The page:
Living Better with Technology: The Internet of Things and Your Independence

By Ben Halpert, Founder Savvy Cyber Kids, an EarthLink partner


No doubt about it, we are living in the Digital Age. Innovations abound all around us and keeping up with the pace of technology can be dizzying. As a senior, you may ask yourself, ‘do I really need to keep up with technology or can I rely on what I already know?’

Research and development for technologies that are aimed specifically at the senior market are expected to be a $10 billion industry by 2020. This means that seniors have an incredible opportunity to benefit from technological advances. Innovations are dramatically transforming the experience of getting older, allowing seniors to not just age in place but to do so with a degree of empowerment and independence that no other generation has experienced. The newest technologies are not just ‘cool’ and they are more than convenient. For today’s seniors, technology has the potential to be life-changing to the degree that the very experience of being a senior is being redefined forever.

So, why is technology innovation focused on the senior community? It’s all about demographics and the rising cost of healthcare. There are now more Americans age 65 and older than at any other time in U.S. history. In 2015, almost 48 million seniors lived in the U.S and that number will grow to 56 million in the next decade. While improvements public health, nutrition and medicine contribute to this growth, senior healthcare costs represent a significantly higher share compared to other age groups. Plus, the working age population is in decline and it is predicted that one-third of all doctors in the U.S. will retire in the next decade, meaning that there will be fewer people to support the elderly financially and professionally. This calls for change in how the elderly are cared for and this is exactly where technology and the Internet of Things comes in.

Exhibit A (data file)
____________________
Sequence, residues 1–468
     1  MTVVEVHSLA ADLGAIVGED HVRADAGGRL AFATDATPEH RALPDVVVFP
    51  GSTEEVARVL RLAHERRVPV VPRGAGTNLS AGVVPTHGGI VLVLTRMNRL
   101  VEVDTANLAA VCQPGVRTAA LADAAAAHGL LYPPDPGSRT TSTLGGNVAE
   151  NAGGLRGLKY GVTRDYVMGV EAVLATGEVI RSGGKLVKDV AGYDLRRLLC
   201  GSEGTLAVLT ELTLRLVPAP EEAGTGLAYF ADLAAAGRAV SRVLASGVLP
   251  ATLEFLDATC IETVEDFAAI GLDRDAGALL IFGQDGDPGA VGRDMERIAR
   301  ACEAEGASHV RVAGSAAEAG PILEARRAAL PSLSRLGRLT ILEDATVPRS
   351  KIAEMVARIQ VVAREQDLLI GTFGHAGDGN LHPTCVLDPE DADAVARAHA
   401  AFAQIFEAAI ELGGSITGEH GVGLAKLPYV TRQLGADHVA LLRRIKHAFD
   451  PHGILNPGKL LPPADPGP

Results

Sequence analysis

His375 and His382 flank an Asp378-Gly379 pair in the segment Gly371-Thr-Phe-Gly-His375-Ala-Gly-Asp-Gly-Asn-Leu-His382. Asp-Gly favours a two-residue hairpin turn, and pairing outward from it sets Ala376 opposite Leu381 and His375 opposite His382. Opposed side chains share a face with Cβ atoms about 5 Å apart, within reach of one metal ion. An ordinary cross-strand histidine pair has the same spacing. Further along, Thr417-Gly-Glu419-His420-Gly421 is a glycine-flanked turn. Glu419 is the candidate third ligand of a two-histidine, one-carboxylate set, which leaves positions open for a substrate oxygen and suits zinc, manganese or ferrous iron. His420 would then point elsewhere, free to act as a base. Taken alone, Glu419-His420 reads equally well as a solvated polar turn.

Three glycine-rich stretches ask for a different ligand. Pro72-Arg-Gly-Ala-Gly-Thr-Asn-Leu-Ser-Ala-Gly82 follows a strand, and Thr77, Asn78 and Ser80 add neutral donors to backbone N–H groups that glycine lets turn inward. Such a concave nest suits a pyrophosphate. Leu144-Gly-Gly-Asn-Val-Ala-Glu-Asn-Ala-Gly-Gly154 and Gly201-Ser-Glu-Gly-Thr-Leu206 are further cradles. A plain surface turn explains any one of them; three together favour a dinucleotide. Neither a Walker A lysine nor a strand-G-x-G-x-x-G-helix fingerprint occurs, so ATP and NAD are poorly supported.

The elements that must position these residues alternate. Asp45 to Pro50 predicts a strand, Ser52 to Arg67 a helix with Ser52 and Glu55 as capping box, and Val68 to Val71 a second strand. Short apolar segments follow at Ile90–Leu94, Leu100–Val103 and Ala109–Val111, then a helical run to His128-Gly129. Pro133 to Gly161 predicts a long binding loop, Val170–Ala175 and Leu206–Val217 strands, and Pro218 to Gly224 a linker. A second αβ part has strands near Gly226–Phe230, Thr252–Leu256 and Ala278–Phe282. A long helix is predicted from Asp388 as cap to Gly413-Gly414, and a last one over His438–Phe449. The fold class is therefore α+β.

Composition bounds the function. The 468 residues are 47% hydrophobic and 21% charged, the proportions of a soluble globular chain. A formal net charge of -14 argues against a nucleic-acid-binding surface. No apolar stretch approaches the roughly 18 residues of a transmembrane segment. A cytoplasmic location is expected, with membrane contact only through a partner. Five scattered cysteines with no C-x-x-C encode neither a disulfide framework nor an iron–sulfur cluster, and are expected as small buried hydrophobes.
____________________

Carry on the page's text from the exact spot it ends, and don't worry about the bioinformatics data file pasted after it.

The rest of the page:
Internet of things (IoT): the interconnection via the Internet of computing devices embedded in everyday objects, enabling them to send and receive data.

IoT describes “smart” devices that connect in the digital landscape and help monitor, alert, track and support seniors. The idea behind the innovation is that these devices will keep seniors connected and safe — and help alleviate some the stress on the professionals and caregivers supporting them.

Groceries: Ordering food and other essentials is already much easier for those with mobility issues thanks to a variety on online ordering services. Future tech enhancements might include a refrigerator or pantry monitor that automatically orders products to be delivered when they are close to running out.

Home Security: IoT security devices like live-streaming cameras and smart locks that can all be controlled from a tablet or smartphone, or remotely by a caregiver, can make living alone less intimidating for seniors who feel vulnerable due to their health or physical limitations.

Medicine Management Tools: Moving past pill cases organized for each day of the week and by time of day are apps to help with planning and to issue reminders about which medications need to taken and when, even alerting seniors and caregivers when medicines are not taken.

Fall Monitors: The most common causes of injury in people over 65 is falling and new technologies like wearable bracelets with built-in accelerometers sound an alarm or place a call to emergency services in the event of a fall.

Wearable and Implant Technology: A variety of medical sensors can track vital signs and send communications in real time. While the shared data can save a life in the event of a life-threatening medical development, it can also track movement and sleeping habits, allowing caregivers to track behavior patterns and be in tune to when a patient or loved one should be checked on.